Amblin Partners, the production company founded and chaired by director and producer Steven Spielberg, has signed a multi-year deal with streaming platform Netflix.
In a press release on Netflix’s website, the two companies announced that the partnership will result in “several new feature films per year”.
Some may see it as an unexpected turn of events for Spielberg’s company, given the director’s previous stances on streaming movies. Two years ago, an Amblin spokesperson publicly announced that Spielberg planned to support changes to the Academy Awards that would reclassify Netflix movies as TV movies, which are ineligible for Oscars such as Best Picture.
The push was planned at a time when Netflix-distributed movie Rome was ready to sweep the awards ceremonies. But in the end, the Academy rejected the appeals of Spielberg and others to limit eligibility.
As is often the case, today’s press release was accompanied by pre-written statements from several executives involved, including Spielberg himself. The quote attributed to him says:
At Amblin, storytelling will forever be at the heart of everything we do, and from the beginning [Ted Sarandos, Netflix co-CEO and chief content officer] and I started talking about a partnership, it was obvious that we had a great opportunity to tell new stories together and reach the audience in new ways. This new avenue for our movies, in addition to the stories we continue to tell with our old family at Universal and our other partners, will be incredibly fulfilling for me personally as we begin it with Ted, and I can’t wait to go. work with him, [Scott Stuber, Netflix head of Global Film]and the entire Netflix team.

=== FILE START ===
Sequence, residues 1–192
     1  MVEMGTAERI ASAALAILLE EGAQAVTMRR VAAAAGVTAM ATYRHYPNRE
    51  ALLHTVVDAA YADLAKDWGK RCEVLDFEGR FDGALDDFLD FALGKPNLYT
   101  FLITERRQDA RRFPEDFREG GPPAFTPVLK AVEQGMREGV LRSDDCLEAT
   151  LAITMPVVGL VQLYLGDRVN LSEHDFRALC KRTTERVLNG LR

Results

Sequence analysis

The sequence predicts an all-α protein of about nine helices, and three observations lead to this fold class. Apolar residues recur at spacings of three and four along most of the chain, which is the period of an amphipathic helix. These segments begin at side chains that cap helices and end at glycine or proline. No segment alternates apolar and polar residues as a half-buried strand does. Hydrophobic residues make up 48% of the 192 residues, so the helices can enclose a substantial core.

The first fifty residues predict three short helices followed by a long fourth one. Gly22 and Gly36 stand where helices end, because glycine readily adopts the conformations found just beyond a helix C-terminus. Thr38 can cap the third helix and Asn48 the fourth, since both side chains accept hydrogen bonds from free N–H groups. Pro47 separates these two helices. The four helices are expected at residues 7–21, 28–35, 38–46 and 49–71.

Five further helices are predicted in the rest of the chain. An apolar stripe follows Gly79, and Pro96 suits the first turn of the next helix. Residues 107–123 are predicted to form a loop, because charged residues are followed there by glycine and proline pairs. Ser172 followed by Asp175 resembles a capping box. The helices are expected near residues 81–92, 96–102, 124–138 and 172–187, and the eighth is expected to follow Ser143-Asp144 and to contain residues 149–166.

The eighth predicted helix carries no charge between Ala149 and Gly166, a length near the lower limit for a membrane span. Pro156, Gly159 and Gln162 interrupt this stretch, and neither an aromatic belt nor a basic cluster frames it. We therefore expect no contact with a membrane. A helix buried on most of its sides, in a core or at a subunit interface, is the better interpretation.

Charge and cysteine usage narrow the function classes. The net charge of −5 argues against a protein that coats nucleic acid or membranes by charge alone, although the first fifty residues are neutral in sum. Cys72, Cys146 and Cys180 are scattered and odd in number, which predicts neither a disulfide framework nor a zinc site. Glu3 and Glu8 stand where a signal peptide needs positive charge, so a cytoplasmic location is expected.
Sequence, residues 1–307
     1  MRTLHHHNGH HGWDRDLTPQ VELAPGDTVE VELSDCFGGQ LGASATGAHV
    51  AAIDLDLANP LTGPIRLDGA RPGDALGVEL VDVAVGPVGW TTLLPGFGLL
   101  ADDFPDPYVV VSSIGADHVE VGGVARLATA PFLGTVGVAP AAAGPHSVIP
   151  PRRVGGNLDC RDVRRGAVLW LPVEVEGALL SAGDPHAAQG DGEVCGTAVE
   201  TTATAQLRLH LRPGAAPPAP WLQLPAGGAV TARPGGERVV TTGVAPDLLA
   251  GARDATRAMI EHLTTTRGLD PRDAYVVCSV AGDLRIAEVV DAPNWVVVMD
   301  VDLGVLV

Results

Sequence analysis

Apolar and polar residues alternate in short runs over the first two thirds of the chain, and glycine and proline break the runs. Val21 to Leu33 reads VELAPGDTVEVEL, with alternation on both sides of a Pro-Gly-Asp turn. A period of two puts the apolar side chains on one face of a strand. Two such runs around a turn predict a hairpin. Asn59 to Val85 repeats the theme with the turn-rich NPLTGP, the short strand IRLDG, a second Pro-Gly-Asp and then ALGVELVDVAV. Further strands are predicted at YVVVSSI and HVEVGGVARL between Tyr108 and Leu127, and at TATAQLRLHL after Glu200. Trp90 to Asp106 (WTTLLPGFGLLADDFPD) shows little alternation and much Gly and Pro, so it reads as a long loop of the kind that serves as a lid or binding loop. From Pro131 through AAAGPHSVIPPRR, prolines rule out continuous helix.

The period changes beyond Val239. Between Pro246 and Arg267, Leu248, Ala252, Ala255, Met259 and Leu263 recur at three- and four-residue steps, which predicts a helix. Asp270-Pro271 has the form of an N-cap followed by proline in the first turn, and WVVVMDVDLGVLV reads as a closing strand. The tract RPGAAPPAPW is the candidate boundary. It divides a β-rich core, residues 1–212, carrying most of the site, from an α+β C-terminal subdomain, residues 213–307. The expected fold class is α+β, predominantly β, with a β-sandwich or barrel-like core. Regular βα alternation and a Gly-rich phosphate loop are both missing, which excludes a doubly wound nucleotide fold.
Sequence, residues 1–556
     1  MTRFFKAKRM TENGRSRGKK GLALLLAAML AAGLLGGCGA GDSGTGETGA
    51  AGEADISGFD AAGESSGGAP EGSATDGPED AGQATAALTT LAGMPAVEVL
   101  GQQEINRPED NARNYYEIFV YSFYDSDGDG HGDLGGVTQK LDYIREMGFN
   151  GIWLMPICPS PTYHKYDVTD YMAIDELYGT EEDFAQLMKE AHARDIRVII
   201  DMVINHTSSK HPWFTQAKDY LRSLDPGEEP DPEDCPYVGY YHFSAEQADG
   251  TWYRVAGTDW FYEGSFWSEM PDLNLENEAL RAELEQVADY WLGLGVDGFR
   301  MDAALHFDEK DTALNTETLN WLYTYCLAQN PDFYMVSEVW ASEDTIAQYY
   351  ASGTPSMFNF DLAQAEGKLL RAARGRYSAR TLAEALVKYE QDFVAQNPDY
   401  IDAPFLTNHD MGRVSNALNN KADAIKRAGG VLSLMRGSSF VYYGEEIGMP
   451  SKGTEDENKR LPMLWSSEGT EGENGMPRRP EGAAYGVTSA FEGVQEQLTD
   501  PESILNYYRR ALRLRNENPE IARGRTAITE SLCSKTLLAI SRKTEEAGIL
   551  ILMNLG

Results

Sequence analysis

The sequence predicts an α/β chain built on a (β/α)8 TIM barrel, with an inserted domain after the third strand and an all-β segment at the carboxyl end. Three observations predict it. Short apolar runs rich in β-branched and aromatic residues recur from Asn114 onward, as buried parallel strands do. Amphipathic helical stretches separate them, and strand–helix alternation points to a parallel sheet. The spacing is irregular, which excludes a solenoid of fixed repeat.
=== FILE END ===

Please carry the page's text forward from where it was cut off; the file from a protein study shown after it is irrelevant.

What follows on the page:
Amblin is not new to streaming. The company has already produced movies that have featured prominently or exclusively on streaming platforms, perhaps most notably the Netflix original The Process of the Chicago 7 released last fall. Amblin has also produced a post-apocalyptic drama called Finch which will air on Apple TV+ later this year.
Today’s announcement could be a win for Netflix, which now faces plenty of viable competitors (like HBO Max or Disney+) in a streaming TV/movie space it previously dominated.
But if you’re a fan of Spielberg’s movies, don’t get too excited just yet: Amblin produces movies made by directors other than Spielberg, so this deal isn’t a guarantee we’ll see the next Spielberg movie on Netflix.